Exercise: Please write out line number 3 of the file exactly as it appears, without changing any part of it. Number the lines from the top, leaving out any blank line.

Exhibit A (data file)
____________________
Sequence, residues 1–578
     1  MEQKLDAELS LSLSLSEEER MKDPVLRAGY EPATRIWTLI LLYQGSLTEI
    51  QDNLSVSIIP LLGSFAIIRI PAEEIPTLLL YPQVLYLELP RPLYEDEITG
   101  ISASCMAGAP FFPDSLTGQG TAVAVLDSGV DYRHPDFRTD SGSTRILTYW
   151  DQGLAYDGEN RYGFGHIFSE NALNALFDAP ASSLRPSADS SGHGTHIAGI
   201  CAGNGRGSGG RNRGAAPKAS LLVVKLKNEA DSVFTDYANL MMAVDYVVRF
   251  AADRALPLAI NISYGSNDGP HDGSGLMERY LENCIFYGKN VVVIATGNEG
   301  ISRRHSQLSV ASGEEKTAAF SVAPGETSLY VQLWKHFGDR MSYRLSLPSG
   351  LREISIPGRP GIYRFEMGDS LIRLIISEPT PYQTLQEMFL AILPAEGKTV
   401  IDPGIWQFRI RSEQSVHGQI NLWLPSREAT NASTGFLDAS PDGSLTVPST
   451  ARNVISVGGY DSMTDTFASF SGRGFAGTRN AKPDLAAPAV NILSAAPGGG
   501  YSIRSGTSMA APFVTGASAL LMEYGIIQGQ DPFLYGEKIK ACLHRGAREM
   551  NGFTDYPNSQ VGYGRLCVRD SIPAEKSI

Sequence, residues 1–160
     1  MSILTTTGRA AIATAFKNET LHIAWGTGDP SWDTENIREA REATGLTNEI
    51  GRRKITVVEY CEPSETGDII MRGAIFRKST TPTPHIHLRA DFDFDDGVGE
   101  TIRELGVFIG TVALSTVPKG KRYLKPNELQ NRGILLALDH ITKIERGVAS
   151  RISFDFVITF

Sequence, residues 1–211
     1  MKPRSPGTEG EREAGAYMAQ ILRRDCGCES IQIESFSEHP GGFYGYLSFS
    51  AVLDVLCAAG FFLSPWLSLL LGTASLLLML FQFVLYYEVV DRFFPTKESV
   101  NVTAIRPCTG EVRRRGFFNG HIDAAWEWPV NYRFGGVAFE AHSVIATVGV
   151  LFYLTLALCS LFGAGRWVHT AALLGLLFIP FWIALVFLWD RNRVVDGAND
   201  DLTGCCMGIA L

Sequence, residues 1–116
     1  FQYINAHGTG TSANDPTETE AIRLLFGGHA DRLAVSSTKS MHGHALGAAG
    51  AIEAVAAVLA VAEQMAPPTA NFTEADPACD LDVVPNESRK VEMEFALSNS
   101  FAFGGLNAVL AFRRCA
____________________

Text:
    51  QDNLSVSIIP LLGSFAIIRI PAEEIPTLLL YPQVLYLELP RPLYEDEITG